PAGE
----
Crucial I&B, UNDP, UNESCO Workshop Gets Underway
New Delhi, May 5, 2004 : The Government of India is seriously exploring the possibility of creating a new framework for community radio in India that addresses the genuine aspirations of a vast array of socio-cultural communities in India. This was reiterated by senior representatives of the Ministry of Information and Broadcasting and Prasar Bharati, at a workshop, here today. The workshop was organised by the I&B Ministry and supported by the United Nations Development programme and UNESCO. Over 70 high level experts and community radio practitioners from India and abroad are participating in the two-day consultation.
Drawing up the context for the development of the community radio movement in India, the Information and Broadcasting Secretray, Mr. Pawan Chopra said two years ago, the Government decided to start with schools and colleges in order to generate community-oriented radio programmes that could be used for extension work. The Government was now seeking to widen the ambit of participation. "Do we open it to Panchayati Raj Institutions? Where do local groups come in, how do you select them?" Mr Chopra asked.
Mr. Chopra said the demand for community radio must be seen in tandem with the Government's thrust for expansion of the reach and access of electronic media after Independence. The country has moved from six to 200 plus All India Radio stations , 22 private FM stations, 10 Gyanvani radio channels and an explosion in TV networks, Mr. Chopra said. He noted that efforts needed to be made to ensure a sustainability model that would prevent community radio from being captured by commercial interests. "Safeguards need to be provided if we look look at taking the advertising route to sustaining community radio", Mr Chopra said.
Delivering her remarks, The UN Resident Coordinator and UNDP Resident Representative, Dr. Maxine Olson said UNDP and other UN organizations had supported initiatives that demonstrated the effectiveness of this tool for community mobilization and social change in India and in other countries. She said what set community radio apart from other forms of media was its participatory nature and both its content and technology were people-oriented. She said community radio was ideally suited to respond to the cultural and information needs of remote, illiterate and marginalized communities, under-served by the mainstream media.
"UNDP sees the potential of CR not only among community members, but for capacity building of elected representatives of Panchayati Raj institutions, particularly women", Dr. Olson said.
Mr. Chopra said there were concerns about security and safeguards and there is a need to ensure that a community radio station did not fall in the wrong hands where it can give a fillip to disruptive elements or terrorism. "While we recognize that in a vibrant democracy like India we must make sure there is full participation of different groups in governance of society, in the wrong hands, it can lead to disruptive trends. We need to ensure that things will be done in such a manner that it will enhance the peace and goodwill in society", Mr Chopra observed.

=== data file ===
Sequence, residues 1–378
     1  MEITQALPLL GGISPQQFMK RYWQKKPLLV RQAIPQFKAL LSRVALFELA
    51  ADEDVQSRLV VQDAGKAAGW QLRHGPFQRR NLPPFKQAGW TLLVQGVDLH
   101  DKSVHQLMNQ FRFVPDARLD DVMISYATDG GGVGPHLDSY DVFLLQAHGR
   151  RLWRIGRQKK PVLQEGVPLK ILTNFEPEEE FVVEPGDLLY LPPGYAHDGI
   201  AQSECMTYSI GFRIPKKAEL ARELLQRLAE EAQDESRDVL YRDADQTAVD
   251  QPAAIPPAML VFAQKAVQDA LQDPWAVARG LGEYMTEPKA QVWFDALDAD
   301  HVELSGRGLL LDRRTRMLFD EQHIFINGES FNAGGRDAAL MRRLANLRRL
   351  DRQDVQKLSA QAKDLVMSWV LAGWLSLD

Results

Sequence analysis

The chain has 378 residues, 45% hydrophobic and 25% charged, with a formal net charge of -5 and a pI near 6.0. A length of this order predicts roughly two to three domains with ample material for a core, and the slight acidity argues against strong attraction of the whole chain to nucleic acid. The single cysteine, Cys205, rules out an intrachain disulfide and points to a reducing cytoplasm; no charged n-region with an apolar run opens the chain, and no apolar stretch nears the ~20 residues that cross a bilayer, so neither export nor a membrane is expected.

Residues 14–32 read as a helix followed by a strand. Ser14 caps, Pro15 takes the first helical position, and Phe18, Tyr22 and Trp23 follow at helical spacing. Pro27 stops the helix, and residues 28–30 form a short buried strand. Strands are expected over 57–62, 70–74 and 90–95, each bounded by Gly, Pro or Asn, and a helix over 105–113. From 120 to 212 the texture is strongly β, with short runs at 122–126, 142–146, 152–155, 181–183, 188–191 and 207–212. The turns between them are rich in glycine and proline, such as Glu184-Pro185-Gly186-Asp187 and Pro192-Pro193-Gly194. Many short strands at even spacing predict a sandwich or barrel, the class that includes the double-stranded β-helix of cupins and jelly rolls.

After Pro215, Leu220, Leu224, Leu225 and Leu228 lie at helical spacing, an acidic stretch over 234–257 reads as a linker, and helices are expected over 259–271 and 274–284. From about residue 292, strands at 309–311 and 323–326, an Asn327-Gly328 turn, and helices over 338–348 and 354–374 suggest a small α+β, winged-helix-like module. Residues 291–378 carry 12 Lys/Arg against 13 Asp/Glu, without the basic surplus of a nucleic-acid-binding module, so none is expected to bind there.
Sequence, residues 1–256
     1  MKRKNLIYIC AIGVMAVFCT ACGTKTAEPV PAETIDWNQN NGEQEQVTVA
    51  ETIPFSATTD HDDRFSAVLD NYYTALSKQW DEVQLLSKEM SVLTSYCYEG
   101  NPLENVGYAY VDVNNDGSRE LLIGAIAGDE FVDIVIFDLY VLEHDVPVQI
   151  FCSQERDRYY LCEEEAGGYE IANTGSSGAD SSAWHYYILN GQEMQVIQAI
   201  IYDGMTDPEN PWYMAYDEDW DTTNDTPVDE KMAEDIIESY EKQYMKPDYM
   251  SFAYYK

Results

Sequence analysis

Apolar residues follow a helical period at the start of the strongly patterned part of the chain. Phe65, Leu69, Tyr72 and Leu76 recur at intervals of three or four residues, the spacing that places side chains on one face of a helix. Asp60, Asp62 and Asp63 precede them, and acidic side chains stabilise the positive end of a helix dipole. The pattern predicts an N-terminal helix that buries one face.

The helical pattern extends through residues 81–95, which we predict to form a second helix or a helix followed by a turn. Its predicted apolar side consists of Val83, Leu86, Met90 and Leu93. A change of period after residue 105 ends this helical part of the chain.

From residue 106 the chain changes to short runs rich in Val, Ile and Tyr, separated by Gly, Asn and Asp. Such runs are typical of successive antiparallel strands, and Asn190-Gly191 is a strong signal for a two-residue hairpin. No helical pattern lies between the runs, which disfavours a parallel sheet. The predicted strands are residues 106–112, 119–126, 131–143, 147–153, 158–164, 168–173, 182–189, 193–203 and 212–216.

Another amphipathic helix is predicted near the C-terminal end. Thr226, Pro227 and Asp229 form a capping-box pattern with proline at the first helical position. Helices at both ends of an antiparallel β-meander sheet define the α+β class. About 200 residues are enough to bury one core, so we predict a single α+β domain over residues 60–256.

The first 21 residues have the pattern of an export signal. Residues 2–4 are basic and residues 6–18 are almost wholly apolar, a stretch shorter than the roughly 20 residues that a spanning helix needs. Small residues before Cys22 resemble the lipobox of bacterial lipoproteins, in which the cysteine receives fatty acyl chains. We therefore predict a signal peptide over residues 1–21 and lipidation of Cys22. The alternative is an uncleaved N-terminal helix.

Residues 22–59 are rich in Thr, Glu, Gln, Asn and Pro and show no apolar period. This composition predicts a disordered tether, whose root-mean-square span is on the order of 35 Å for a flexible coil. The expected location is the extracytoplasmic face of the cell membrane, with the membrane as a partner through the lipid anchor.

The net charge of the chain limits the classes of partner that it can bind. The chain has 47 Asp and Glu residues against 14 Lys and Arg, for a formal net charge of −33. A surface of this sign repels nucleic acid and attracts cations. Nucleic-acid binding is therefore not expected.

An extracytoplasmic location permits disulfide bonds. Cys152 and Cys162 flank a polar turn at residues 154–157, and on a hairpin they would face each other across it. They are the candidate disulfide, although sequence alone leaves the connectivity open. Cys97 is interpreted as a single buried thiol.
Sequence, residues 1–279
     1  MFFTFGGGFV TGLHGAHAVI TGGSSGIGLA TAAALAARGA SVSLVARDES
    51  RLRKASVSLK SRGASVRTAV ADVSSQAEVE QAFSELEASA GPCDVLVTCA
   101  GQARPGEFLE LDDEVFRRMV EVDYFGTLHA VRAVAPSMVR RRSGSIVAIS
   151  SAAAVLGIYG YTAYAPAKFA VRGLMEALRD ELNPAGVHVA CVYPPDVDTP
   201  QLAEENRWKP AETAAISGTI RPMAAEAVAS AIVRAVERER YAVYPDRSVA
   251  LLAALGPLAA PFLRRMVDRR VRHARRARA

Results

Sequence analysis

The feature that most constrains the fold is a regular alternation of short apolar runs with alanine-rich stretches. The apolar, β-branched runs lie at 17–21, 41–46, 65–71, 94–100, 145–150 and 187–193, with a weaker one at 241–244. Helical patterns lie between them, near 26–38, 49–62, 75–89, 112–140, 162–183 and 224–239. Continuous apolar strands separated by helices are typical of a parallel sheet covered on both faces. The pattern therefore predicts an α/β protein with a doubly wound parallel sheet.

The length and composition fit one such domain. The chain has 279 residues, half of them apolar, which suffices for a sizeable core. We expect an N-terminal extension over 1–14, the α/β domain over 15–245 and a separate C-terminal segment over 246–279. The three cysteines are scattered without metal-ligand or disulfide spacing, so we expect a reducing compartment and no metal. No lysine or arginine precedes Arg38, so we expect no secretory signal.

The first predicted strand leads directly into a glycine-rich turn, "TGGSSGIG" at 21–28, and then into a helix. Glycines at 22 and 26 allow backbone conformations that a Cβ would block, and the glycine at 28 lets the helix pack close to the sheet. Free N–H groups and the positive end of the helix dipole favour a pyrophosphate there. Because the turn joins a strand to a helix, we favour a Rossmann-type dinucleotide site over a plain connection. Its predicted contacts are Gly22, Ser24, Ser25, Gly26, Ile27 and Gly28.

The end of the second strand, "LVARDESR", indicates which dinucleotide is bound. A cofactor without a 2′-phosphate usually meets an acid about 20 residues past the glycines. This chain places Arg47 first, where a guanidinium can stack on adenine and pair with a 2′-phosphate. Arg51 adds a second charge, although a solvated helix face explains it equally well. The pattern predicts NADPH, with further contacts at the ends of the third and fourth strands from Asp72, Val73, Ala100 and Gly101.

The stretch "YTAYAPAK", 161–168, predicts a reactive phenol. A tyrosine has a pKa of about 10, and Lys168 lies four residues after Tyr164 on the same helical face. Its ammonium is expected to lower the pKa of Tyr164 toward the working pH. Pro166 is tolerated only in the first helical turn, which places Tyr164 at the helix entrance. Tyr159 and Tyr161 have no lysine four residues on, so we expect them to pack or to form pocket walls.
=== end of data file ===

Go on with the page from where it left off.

Speaking on the occasion, Mr. K S Sarma, CEO, Prasar Bharati said his organisations was all for promoting community radio initiatives since it was impossible for the public broadcaster to reach out to all the groups. "There is a time-constraint, and a constraint of skills also. AIR broadcasts in over 300 languages, but there are still over 1000 dialects crying for attention. This, no public broadcaster can do. Community Radio is most welcome. We believe it supplements what we are trying to do as a public broadcaster", Mr. Sarma said. He said this form of radio was particularly useful for building greater awareness of human rights and human development and to preserve and strengthen cultural and linguistic diversity of the country.
He said Prasar Bharati stood ready to contribute the technical and programme skills, which was the forte of the public broadcaster. He said in Australia over 30 per cent of the station managers manning community radio stations were drawn from the retired personnel of the national broadcaster. Without being overly prescriptive, Mr. Sarma added, the Government feels some broad guidelines are important. Should it focus on issues like governance, health, education, cultural diversity? Also should it address other issues like entertainment ?
Mr U S Bhatia, Joint Secretary (Broadcasting) in the Ministry of Information and Broadcasting said the workshop would explore the real potential of community radio in the Indian context. "We would like to understand what it can do for us and our democracy. We would like to understand the technical issues, including implications for frequency allocation spectrum use. "We believe in the potential of community radio. The most important issue is its potential for empowerment. In India we attach great importance to this, especially in the context of the 73rd and 74th Constitutional amendments for participative development", Mr. Bhatia said.
The workshop is expected to explore a range of issues to be kept in mind while formulating a comprehensive framework for community radio in India. These include determining the definition and scope of the concept of 'community' for the purpose of community radio. In addition, the workshop will seek to make recommendations on issues of regulation, monitoring, sustainability and the most suited business model for community radio in India.
Addressing the workshop, Mr. W Jayaweera, Director, Communication, UNESCO outlined examples from the global experience of community radio across the world. The key questions on community radio related to defining criteria for obtaining the community mandate, the need for an accountable management and ensuring credibility of broadcasting, Mr Jayaweera said.